Quick Picks June 5 2009

iamI’ll start with an album I just started listening to recently, for the reason she has her sophomore album out now. The artist I am referring to is Chrisette Michele, and her debut I Am. I would definitely recommend it, but not quite sure I’d give it an album of the week feature. I would say it is good enough, just possibly it did not click with me that much.

It has a vintage feel to it, which I suppose due in part to the neo soul genre. Salaam Remi did some production work on it, both he and Mark Ronson worked on Amy Winehouse’s Back to Black, which has a very well done vintage feel to it.

Now I have to get to listening to her sophomore effort I referred to earlier, that being Epiphany.

MeandarminiMy final quick pick is Emilíana Torrini‘s latest, Me and Armini, which I touched on a very little bit about in my previous post. I probably only listened to her previous effort, Fisherman’s Woman, a handful of times at most, but I have to say I prefer her latest.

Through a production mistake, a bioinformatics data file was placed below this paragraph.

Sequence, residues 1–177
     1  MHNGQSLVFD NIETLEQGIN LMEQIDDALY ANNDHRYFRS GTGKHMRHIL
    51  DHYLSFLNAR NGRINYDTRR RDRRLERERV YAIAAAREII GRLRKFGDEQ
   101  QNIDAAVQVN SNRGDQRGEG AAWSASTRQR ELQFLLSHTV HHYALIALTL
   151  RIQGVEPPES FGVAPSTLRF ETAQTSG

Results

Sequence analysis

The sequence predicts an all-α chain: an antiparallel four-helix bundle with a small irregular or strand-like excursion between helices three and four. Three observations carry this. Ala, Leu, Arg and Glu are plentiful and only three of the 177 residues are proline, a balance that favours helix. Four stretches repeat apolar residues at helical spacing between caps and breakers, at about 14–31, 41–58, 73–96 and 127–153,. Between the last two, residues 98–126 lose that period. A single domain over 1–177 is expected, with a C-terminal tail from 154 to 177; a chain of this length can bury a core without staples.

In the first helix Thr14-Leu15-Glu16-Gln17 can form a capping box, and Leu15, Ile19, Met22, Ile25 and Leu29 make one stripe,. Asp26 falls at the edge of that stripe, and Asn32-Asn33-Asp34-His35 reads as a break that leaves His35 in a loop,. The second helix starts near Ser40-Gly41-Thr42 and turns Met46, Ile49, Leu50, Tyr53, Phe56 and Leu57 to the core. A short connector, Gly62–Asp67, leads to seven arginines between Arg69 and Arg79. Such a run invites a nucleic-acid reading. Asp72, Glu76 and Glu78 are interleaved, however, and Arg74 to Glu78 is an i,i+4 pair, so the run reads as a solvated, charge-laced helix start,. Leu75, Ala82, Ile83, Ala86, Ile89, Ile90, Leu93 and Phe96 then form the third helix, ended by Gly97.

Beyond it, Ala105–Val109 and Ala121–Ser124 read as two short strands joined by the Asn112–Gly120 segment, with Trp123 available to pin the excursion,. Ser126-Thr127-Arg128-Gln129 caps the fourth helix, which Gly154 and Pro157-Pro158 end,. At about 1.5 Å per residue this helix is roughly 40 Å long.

Me and Armini seems a bit more up tempo, and perhaps more playful (that just came to mind). I recommend “Jungle Drum” for a short but sweet creative track from the album (clocking in at 2:13). “Gun” is another good one. I can imagine hearing it backing a smart suspenseful action movie scene with the title object definitely playing a role.


Track Similarities #2 (Lily Allen and Emilíana Torrini)

So I was listening to Emilíana Torrini’s latest, Me and Armini, and noticed the title track, “Me and Armini”, has a very similar intro as Lily Allen’s track “Smile”.

Lily Allen’s debut, Alright, Still, was released July 14, 2006, while Emilíana Torrini’s Me and Armini was released September 8, 2008.

The producer of Me and Armini was Dan Carey. Alright, Still was produced by several people as a whole, none of which are Dan Carey, however one of the Japan edition bonus tracks, “Cheryl Tweedy”, was produced by Dan Carey.

The similarity is in the guitar intro to each track. The guitar line continues throughout both songs, however it is the most evident at the beginnings. Since Dan Carey is only credited with said bonus track, who knows if he has any work that went uncredited elsewhere.